Breakups! Scandals! 2014 season full of soap operas

By John FeinsteinDecember 9, 2014, 9:30 pm

A lot of soap operas played out in the golf world in 2014.

Tiger Woods, still the game's most transcendent figure, hurt his back and had surgery in March. He came back in June. He hurt his back again in August. He came back the next week. He missed the cut at the PGA Championship and then said he actually was still hurt and took off almost four months.

He came back again in early December looking healthy – and like a 20-handicapper around the greens.

Meanwhile, the U.S. Ryder Cup team imploded, first on the golf course, then off the golf course.

Tom Watson, one of the game's most revered figures, was thrown under the tires of an 18-wheeler by Phil Mickelson, one of the game's best-liked and most respected figures.

Then, just in case anyone thought the one-sided loss to Europe and the embarrassing aftermath wasn't enough, Ted Bishop, the president of the PGA of America, got himself fired for a reckless tweet defending – of all people – Nick Faldo.

Heard enough?

Wait, there's more.

Dustin Johnson, who would have been on the U.S. Ryder Cup team and might have played a key role, suspended himself from the Tour in August just prior to the PGA Championship, saying he needed to take a break to deal with "personal issues." The PGA Tour denied a report that he had been suspended because of drug infractions. Johnson is expected to play again at Torrey Pines, teeing it up – purely by coincidence no doubt – six months and four days after he last played.

All of which reminds us that the No. 1 soap opera of the year could have been – perhaps should have been – Rory McIlroy's decision to break off his engagement from Caroline Wozniacki a few days after the wedding invitations went out.

On the day he made the announcement, McIlroy showed up at a scheduled pre-tournament news conference in London and did not play the "I don't want to talk about my personal life" card. He answered questions, took the blame for the break-up and then went out and won the golf tournament five days later.

Coincidence or not, that week was the beginning of one of the most torrid streaks golf has seen since Woods stopped being Woods. McIlroy went on to win the British Open and the PGA. Sandwiched between those two majors, he won the WGC event in Akron and reclaimed the world No. 1 ranking.

Then he helped Europe win the Ryder Cup and said his No. 1 goal for 2015 was to complete the career Grand Slam by winning the Masters – which will end three weeks before he turns 26.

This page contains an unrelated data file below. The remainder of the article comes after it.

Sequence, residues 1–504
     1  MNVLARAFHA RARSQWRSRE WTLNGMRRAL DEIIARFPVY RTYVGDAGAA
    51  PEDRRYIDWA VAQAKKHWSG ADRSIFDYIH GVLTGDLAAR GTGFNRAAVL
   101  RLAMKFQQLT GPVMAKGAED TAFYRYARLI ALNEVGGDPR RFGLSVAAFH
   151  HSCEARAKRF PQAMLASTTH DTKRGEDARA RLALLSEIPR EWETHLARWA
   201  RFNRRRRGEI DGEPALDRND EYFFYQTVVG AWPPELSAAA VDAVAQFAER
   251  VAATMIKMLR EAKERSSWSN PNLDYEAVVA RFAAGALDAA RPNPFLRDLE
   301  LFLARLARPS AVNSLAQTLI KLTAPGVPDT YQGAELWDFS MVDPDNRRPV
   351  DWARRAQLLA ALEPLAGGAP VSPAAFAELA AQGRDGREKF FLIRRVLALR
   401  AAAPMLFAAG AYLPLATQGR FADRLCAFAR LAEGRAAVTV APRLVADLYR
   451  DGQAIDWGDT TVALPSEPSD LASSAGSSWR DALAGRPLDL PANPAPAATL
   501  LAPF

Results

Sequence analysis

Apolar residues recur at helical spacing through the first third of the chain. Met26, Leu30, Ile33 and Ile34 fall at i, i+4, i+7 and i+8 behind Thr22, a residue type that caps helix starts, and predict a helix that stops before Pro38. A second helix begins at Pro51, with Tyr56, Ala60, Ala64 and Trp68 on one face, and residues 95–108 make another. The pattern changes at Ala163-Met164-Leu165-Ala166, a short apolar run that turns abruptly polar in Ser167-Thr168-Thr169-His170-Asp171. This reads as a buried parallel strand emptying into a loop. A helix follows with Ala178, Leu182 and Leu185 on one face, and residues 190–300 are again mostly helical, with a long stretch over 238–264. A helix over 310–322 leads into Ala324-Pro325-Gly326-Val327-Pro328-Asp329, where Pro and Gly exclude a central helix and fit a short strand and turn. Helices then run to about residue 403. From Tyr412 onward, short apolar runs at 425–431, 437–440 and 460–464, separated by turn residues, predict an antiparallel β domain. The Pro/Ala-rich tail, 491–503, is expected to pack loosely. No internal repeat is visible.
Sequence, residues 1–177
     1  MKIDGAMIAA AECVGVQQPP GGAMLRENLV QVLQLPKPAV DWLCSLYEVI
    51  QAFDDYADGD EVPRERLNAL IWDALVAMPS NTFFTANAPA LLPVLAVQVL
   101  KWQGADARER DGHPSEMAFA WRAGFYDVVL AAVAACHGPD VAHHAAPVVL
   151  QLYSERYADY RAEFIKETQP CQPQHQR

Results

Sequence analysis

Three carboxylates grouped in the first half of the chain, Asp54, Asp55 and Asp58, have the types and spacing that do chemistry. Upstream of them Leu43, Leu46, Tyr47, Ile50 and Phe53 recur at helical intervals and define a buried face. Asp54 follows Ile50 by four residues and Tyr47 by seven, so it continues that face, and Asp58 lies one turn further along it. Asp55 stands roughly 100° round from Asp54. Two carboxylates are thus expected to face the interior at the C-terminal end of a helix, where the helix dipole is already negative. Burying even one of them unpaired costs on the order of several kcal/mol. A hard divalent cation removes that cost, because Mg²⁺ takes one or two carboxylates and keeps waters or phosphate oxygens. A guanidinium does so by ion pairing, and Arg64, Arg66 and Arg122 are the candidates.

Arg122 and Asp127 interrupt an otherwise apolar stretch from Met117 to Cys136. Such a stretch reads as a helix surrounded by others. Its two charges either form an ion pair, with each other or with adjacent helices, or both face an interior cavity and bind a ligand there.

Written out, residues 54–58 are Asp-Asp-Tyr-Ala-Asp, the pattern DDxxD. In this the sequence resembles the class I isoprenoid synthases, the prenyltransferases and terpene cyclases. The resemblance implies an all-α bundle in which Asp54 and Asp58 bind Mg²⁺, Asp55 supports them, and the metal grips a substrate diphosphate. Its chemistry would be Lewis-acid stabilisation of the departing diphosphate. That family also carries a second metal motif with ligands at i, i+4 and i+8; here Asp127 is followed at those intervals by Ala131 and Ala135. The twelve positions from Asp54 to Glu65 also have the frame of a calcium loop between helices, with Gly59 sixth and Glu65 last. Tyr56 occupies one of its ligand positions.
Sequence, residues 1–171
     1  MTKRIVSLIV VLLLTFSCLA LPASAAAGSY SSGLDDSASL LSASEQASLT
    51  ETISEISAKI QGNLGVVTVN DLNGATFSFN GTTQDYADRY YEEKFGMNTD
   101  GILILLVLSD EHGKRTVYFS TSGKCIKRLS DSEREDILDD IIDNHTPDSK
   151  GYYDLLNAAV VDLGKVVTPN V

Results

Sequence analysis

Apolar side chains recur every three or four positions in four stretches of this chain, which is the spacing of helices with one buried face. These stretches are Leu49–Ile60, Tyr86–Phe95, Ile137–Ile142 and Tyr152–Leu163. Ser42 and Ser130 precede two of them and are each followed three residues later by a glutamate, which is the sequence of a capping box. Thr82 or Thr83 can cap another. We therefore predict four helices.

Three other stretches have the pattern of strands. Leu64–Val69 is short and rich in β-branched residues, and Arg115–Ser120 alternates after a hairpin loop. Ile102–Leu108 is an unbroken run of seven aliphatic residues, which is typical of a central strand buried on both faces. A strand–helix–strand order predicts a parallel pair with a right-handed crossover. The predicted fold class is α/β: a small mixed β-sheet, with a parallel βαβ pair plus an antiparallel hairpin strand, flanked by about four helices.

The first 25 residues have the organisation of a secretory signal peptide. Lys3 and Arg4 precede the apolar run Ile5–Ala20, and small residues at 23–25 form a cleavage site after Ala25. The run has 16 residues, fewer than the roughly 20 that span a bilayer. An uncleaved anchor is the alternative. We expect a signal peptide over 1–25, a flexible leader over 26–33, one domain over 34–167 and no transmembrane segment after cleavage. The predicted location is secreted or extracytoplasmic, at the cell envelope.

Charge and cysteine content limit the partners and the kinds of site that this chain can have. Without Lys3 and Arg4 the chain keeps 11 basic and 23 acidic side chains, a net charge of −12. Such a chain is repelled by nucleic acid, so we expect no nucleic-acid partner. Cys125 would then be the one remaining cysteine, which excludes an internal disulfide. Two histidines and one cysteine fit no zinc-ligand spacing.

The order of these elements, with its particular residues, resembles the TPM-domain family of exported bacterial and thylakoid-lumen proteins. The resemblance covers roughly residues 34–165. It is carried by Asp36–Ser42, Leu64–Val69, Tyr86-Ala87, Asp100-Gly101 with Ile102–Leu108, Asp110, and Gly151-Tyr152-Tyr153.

In short the McIlroy soap opera was cancelled by his brilliant golf. While Woods, the Ryder Cup and Johnson were left with cliff-hangers: Can Tiger ever be Tiger again?; Can the U.S. ever win the Ryder Cup again?; Will Johnson ever live up to his vast potential and find happiness with Paulina Gretzky?

The answers may – or may not – come in 2015. There will be no Ryder Cup answer next year; although, there should be a U.S. captain for 2016 at some point in the near future.

McIlroy's story is also far from over, but clearly he had several happy endings in 2014. More important, he emerged as the first serious, potentially long-term No. 1 player since Woods came off the pedestal he sat on for most of a dozen years.

Since the early morning when Woods' Escalade collided with the fire hydrant in late 2009, Lee Westwood, Martin Kaymer, Luke Donald and Adam Scott have all held the No. 1 ranking. All are fine players, and only McIlroy had a better year in 2014 than Kaymer. But McIlroy is a star in ways that none of those four can or will be.

Westwood and Donald have never won a major and are now deep into their careers and may never win one. Kaymer has won two, but is so quiet and un-assuming he is unlikely to ever be a huge star – especially in the U.S.

Scott has won a major and has the movie-star looks, but he is 34 and may never putt well enough – regardless of what putter he is using – to win multiple majors.

McIlroy has already won more majors – four – than those four players combined. He's 25 and understands that along with the perks of stardom come responsibilities. He's had one truly bad moment on the golf course, his walk-off at the Honda Classic in 2013, and he instantly apologized for his behavior and admitted that his agent's excuse – a bad tooth – was a bunch of hooey.